Various policies targeting at building energy efficiency have been promulgated by the Chinese government in the past decade. However, few studies evaluate if China is on the right path to meet its energy goals through these policies by providing an assessment of their effect in reducing energy consumption in residential buildings or the feasibility of such policies to catalyze these reductions. This paper attempts to fill this gap by systematically quantifying (1) the energy savings catalyzed by existing policy instruments; (2) the additional energy savings that could be realized by strengthening these policies; and (3) the relative advantages of each policy. Results show that each instrument has different advantages, but collectively they are able to exert significant impact on China’s future building energy outlook. A continuation of current policies is likely to reduce energy use in the urban residential sector by 9.7%-14.6% over the next ten years and an enhancement of them might reduce energy use by 15.8%- 24.9%. The method applied in this paper for comparing building energy policies is adaptable for international use, and that the relative strengths of each policy instrument can serve as a rough approximation for countries with a similar building efficiency and institutional context.
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Financing the upfront costs of energy efficiency and renewable energy projects in buildings can be a significant barrier to the expansion of sustainable, low carbon buildings, despite this being a low-cost option on the carbon abatement curve. Systematic literature on...Read more
Rapid global urbanization and the increase of the Urban Heat Island (UHI) effect make urban cooling a necessity as well as an opportunity to increase the liveability and amenity of cities. This review is a scoping study of the relevant worldwide UHI mitigation/adaptation...Read more
Evidence gathered by the International Energy Agency has identified six critical factors to guide policy makers in realising potential savings in both new and existing buildings through the modernisation of building energy codes.
China has made energy conservation and energy efficiency one of its top priorities as a means of guiding its economic and social development. In the past three decades, while China’s economy increased eighteen‑fold, energy consumption increased only five‑fold. The energy intensity of China’s GDP declined by about seventy percent during the same period. In the face of resource and environmental constraints, China vowed to make energy conservation a foundation of its economic and social development strategy, as well as its energy and climate change strategy.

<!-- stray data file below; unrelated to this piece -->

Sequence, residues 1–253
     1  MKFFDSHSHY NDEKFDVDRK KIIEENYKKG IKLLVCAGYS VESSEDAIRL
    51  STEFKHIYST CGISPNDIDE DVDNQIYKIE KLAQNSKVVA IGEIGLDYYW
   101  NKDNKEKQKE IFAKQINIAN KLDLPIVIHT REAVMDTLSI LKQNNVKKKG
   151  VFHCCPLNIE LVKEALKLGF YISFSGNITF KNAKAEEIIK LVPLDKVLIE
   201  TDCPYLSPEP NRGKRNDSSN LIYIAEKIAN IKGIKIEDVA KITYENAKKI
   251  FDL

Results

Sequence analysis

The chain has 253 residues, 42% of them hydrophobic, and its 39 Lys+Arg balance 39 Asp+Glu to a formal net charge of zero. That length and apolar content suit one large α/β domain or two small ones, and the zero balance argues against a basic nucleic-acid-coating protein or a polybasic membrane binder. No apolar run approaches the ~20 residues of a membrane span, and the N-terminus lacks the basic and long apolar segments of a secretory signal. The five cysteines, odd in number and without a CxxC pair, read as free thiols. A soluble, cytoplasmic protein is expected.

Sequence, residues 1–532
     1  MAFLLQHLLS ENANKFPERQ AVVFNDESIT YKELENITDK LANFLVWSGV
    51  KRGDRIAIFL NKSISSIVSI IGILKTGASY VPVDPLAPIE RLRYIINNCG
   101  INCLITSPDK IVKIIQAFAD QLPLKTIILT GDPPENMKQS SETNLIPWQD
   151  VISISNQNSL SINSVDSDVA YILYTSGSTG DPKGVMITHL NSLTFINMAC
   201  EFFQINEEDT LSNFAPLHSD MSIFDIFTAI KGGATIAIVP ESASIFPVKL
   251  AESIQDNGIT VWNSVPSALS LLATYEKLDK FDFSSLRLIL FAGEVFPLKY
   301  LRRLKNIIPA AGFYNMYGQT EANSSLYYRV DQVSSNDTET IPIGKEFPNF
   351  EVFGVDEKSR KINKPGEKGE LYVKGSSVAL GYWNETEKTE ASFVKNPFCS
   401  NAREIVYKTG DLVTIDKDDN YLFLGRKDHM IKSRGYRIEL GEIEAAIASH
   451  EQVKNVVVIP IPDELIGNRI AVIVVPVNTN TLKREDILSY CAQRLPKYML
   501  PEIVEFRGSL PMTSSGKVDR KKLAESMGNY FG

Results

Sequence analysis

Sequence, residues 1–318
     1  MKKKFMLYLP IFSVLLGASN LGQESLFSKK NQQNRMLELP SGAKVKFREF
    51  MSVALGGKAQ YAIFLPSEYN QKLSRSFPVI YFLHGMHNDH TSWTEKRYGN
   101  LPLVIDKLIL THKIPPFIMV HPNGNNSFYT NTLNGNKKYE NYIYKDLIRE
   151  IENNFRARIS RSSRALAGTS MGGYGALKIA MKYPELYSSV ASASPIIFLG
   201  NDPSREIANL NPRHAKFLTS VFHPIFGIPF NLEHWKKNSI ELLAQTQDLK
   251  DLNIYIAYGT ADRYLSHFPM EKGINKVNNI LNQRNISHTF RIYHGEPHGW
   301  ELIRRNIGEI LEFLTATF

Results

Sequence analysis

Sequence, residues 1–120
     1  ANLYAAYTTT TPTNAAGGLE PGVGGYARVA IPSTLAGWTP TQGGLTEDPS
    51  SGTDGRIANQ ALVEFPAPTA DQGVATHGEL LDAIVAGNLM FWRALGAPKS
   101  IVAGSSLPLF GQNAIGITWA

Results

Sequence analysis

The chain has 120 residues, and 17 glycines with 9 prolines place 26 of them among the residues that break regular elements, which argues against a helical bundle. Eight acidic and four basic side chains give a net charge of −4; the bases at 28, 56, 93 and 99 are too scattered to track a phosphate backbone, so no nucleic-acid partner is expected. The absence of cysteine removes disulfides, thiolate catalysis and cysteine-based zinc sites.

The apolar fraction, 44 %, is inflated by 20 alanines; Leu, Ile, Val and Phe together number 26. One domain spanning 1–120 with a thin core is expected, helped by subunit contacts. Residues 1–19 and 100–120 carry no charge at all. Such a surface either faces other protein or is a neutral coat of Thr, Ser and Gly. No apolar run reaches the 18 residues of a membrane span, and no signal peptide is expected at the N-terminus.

Economic development will lead to higher demand for various end-use goods and services in India. Energy-efficient technologies provide a way forward to achieve economic growth at relatively lower costs due to associated multiple benefits such as resource conservation, lower energy consumption, higher productivity and lower emissions intensity per unit of output.
The report undertakes the following analysis to identify High Impact Opportunities (HIOs):
The United States (US) Clean Power Plan established state-specific carbon dioxide (CO2) emissions reduction goals for fossil fuel-fired electricity generating units (EGUs). States may achieve these goals through multiple mechanisms, including measures that can achieve equivalent CO2 reductions such as residential energy efficiency, which will have important co-benefits. Here, we develop state-resolution simulations of the economic, health, and climate benefits of increased residential insulation, considering EGUs and residential combustion.